Hands up if you've seen 'Amélie', Jean-Pierre Jeunet's 2001 blockbuster. It was the Canal St-Martin's iron footbridges and tree-shaded quays that formed the backdrop for some of the film's most atmospheric scenes. Nowadays, this ever-gentrifying, 19th-century waterway draws a trendy crowd to its shabby-chic bars and appetizing bistros - starting with Chez Prune, the main magnet for bobo bière-drinkers.
République, the point at which the Canal resurfaces after having travelled underground from Bastille, forms the frontier with the Marais. Its northern artery, rue du Faubourg-du-Temple, is scruffy and cosmopolitan; here's where you'll find cheap grocers and discount stores, hidden courtyards, and stalwarts of Paris nightlife such as Le Gibus and vintage dancehall La Java. It leads to Belleville's Chinese quarter and the place Sainte Marthe, which retains a provincial charm with its quirky boutiques and cafés.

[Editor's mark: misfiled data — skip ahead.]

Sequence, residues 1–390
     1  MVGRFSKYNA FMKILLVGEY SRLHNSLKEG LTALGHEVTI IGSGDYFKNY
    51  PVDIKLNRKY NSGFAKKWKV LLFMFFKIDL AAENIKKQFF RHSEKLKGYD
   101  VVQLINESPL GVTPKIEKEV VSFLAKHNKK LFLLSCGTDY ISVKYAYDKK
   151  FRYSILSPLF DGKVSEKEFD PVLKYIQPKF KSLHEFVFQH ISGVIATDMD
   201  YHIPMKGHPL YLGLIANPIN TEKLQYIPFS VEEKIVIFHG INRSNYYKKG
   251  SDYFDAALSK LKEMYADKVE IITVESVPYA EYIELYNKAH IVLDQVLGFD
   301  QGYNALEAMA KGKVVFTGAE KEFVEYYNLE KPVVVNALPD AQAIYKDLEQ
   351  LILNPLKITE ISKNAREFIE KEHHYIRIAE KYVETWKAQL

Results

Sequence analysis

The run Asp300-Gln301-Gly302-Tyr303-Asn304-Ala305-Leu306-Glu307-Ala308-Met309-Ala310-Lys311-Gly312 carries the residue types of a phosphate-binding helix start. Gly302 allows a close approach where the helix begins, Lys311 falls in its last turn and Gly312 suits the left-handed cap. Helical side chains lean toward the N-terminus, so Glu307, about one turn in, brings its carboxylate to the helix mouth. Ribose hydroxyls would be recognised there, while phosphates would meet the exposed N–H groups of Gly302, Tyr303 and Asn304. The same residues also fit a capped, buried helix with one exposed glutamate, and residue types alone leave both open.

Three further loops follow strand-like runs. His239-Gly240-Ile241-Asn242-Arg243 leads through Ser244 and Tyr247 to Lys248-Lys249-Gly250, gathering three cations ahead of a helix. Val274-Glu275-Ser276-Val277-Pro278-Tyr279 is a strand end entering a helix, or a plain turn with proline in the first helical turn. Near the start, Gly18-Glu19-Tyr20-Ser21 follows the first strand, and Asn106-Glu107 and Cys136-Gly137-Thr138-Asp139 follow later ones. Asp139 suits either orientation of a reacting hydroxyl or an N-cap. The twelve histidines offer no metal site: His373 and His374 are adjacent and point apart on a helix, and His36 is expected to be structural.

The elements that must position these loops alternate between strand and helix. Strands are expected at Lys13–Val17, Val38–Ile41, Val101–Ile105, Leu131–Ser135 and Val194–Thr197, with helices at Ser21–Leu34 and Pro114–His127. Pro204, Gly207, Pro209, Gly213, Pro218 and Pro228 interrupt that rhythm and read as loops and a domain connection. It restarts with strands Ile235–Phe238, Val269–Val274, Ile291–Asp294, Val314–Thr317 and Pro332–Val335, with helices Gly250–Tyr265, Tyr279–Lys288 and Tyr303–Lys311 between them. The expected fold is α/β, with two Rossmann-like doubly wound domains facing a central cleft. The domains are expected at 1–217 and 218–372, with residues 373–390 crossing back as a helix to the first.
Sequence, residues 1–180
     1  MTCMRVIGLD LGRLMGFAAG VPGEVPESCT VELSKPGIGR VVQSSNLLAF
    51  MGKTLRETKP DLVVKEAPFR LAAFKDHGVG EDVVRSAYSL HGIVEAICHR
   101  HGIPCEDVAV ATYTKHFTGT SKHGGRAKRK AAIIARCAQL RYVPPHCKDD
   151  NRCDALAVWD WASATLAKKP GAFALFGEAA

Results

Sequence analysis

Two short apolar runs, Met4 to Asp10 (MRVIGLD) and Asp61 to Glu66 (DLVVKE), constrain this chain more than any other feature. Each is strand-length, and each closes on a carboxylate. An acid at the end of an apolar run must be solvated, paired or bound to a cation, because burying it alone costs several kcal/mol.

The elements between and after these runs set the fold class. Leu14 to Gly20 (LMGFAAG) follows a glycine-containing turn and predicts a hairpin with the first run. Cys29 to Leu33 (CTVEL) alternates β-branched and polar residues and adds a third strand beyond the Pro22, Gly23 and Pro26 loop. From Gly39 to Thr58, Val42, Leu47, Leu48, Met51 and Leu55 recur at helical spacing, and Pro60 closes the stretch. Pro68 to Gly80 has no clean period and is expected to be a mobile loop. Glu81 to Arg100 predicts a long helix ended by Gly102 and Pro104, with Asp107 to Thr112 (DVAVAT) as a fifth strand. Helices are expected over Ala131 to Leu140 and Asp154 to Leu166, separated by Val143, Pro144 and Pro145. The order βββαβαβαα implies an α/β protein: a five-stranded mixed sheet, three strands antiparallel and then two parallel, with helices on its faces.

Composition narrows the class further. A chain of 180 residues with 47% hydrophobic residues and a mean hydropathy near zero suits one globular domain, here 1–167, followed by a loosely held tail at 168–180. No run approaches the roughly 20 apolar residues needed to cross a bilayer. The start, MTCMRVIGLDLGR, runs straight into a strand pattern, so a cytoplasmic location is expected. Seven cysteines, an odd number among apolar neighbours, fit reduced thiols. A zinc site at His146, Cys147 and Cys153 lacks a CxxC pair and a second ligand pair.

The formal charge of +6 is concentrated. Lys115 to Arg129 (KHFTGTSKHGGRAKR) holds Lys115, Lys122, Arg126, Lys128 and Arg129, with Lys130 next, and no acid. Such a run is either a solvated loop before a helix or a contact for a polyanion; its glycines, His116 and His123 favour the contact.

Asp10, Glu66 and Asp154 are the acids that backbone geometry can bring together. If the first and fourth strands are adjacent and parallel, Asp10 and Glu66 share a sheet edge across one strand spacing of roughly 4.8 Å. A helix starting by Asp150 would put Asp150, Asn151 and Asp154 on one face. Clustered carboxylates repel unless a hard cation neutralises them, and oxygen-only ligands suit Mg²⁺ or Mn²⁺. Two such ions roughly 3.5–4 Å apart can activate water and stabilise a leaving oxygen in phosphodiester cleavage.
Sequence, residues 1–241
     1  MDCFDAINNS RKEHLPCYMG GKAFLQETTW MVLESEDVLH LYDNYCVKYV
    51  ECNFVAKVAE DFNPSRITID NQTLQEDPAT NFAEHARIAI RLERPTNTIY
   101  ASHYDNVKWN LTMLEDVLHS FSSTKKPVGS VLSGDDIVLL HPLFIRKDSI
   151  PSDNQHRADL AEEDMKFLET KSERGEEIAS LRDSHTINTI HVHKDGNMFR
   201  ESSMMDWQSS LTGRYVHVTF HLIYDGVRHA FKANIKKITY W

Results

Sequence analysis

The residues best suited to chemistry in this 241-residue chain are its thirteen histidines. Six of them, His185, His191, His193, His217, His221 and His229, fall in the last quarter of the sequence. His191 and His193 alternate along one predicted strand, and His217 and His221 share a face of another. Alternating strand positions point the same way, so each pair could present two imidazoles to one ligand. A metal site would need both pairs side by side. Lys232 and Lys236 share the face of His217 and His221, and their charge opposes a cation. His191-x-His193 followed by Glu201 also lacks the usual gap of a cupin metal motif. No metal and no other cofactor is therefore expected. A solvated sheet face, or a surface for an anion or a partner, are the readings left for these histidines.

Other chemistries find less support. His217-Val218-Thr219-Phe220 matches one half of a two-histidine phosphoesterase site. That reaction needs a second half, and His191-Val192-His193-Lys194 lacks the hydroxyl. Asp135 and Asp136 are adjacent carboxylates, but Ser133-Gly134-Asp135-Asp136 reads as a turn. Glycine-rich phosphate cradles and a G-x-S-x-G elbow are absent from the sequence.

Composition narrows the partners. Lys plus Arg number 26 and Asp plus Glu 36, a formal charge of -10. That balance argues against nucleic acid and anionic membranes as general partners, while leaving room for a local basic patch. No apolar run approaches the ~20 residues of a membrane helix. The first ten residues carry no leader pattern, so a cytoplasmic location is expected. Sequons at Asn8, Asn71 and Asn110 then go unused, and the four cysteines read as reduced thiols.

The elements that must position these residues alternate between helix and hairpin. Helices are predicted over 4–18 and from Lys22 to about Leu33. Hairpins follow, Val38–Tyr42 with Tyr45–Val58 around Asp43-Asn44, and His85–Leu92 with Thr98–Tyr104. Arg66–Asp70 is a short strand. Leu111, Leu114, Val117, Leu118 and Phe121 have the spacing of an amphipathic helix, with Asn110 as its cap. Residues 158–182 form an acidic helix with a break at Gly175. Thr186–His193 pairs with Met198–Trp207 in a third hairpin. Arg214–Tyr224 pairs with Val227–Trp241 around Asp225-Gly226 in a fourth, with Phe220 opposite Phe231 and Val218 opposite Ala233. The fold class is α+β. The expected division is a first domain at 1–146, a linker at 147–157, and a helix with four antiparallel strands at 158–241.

Heading north along the Canal, the must-see den of multidisciplinary artistic creation is Point Ephemère. From here the Canal widens into the Bassin de la Villette and Canal de l'Ourcq, famed for its twin Mk2 cinemas, retro-futurist 70s tower blocks and the watersports that take place during August's Paris Plage. It's near here that you'll find the 104, Paris' flagship cultural centre, set in the city's eerie old 19th-century funeral parlour.
Once you've crossed the quirky 1885 hydraulic lift bridge, pont de Crimée, you're in Parc de la Villette territory. Futuristic and cutting-edge, this is where you can visit major science and music museums, picnic on the lawns (especially during the summer open-air film festival) and take in concerts at big venues such as the Cité de la musique, the Cabaret Sauvage, Trabendo and the Zénith.